South Africa: Black Rule: Electricity hits a new low! – 50% availability! – My Comments


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[Everything they touch falls apart. The stupid Black Jew who runs SA is currently laughed at openly in South Africa even by the non-Whites. We Whites can break out of this. We can rule ourselves. Jan]

Eskom’s energy availability factor (EAF) has dropped to 50.84%, a new low for February.

Energy expert and EE Business Intelligence boss Chris Yelland said the drop wasn’t surprising, considering Eskom was forced to implement stage 6 load-shedding in mid-February.

The EAF is a critical performance measure for the power utility’s generation fleet and reflects the proportion of capacity available for providing electricity to South Africa.

“Not surprisingly, after a week of load-shedding up to stage 6, the week-on-week Eskom Energy Availability Factor (EAF) for Week 6, 2024, continued its drop to 50.84%,” said Yelland.

He added that this figure is lower than the “very low figures” for the same time in 2023, despite the return of three 800MW coal-fired units at Kusile power station in November 2023.

Yelland published the chart below to show Eskom’s EAF from 2021 until now. The green line on the bottom left shows the 2024 EAF year-to-date.

The declining EAF means Eskom has less capacity available to serve the country’s electricity needs.

The power utility’s average EAF has declined from around 70% in 2019 to 50.84% for the year-to-date, meaning there isn’t sufficient generation capacity to meet South Africa’s demand, resulting in load-shedding.

To end load-shedding, Eskom must improve its EAF or add more generation capacity to its grid.

In January 2023, Eskom chair Mpho Makwana announced the board’s turnaround plan to improve generation performance and ultimately end load-shedding.

Eskom’s board and management were given targets to return the EAF to above 70% gradually. The EAF was to reach 60% by 31 March 2023, 65% by 31 March 2024, and 70% by 31 March 2025.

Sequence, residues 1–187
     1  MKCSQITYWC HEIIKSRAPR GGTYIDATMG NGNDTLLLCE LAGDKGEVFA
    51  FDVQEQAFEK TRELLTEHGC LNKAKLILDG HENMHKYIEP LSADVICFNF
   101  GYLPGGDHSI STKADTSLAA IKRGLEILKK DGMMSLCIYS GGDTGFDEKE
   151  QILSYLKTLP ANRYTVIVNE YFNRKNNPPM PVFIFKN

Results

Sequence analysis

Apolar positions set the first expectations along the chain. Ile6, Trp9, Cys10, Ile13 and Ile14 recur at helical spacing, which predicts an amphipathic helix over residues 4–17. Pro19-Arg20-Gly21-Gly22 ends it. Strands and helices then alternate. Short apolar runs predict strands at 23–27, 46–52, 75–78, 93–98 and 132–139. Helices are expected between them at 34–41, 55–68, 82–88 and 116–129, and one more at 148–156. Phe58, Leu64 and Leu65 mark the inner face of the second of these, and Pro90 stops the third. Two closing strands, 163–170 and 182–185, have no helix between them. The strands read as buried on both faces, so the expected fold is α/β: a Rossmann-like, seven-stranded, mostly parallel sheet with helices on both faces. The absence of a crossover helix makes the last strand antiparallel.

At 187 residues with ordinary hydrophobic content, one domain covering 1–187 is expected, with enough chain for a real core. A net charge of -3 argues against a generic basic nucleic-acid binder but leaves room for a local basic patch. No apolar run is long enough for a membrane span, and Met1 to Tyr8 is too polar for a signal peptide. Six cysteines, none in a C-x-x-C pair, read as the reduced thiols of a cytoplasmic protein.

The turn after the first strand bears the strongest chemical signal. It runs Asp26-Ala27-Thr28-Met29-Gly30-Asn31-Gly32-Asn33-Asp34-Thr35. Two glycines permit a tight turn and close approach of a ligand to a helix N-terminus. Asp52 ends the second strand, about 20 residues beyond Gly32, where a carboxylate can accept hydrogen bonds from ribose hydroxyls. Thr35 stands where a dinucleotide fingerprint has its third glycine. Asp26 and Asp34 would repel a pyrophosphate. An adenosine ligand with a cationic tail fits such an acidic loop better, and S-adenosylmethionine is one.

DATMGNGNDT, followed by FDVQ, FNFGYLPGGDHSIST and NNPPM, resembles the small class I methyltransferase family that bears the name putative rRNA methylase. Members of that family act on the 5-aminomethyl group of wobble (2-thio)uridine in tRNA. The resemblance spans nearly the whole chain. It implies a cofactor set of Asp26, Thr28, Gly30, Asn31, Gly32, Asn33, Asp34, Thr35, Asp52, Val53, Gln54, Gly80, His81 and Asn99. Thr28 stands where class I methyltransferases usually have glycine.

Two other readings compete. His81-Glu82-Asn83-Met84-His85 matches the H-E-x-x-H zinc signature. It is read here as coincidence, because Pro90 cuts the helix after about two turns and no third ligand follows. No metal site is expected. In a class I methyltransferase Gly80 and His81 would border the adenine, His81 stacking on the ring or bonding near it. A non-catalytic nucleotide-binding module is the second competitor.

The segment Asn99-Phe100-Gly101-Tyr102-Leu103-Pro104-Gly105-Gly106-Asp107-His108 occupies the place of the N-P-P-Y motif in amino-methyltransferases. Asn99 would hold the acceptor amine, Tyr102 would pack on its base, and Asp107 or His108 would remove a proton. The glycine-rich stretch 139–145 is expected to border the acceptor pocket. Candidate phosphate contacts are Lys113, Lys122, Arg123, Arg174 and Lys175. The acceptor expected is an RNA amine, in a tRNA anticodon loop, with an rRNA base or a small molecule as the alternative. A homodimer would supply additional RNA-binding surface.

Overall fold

However, the opposite appears to be happening, with Eskom’s EAF slipping further away from government’s targets.

It missed its March 2023 target of 60% by a large margin and is almost fifteen percentage points short of hitting its March 2024 target.

In January 2024, Yelland told MyBroadband that he doesn’t believe Eskom will be able to improve the EAF of its existing fleet.

Chris Yelland, managing director at EE Business Intelligence
“They say we’re gonna improve Eskom’s EAF,” said Yelland. “You know, we’ve been waiting for years for this to happen. If it was so easy, do it.”

He explained that the EAF measure comes from 80 different generators and meaningfully increasing it would require Eskom to carry out an unrealistic amount of planned maintenance.

“If you want to improve the average EAF, you’ve got to work on all 80 generators,” said Yelland.

“You can’t do that in a short time, and you can’t do it simultaneously — you’d have to shut down the whole of South Africa.”

Instead, he believes South Africa should focus on adding new generation capacity to the grid, which the private sector will drive.

“New generation is not gonna come from Eskom because the Treasury has said no more new generation capacity from Eskom as a condition of their bailout,” he said.

“The solutions are gonna come from the private sector.”

False promises to end load-shedding
Several politicians, including President Cyril Ramophosa, ANC secretary-general Fikile Mbalula, and electricity minister Kgosientsho Ramokgopa, all promised that load-shedding would be a thing of the past by 2024.

However, some of their proposed deadlines have passed, and there is still no end in sight.

In October 2023, Ramokgopa promised that load-shedding would decrease significantly in the coming months and end entirely in 2024.

He said this was due to additional capacity being lined up to be added to the grid, including the Kusile power station’s three 800MW units.

However, Mbalula made far more ambitious promises, saying load-shedding would be a thing of the past by the end of 2023.

“Load-shedding, before the end of the year, should be something of the past,” he said in an interview with Power to Truth’s JJ Tabane.

President Cyril Ramaphosa

Despite his promises, South Africa has experienced Eskom’s rotational power cuts since the beginning of 2024, with load-shedding reaching a peak of stage 6 in February.

Load-shedding restarted in 2024 came after an almost three-week streak of no power cuts during December 2023.

President Cyril Ramaphosa also said load-shedding would end before 2024. However, he changed his tune slightly during his 2024 State of the Nation Address, when he said the “worst of load-shedding is behind South Africa“.

He added that the end of load-shedding was in sight.

The country was plunged into stage 6 power cuts two days later.


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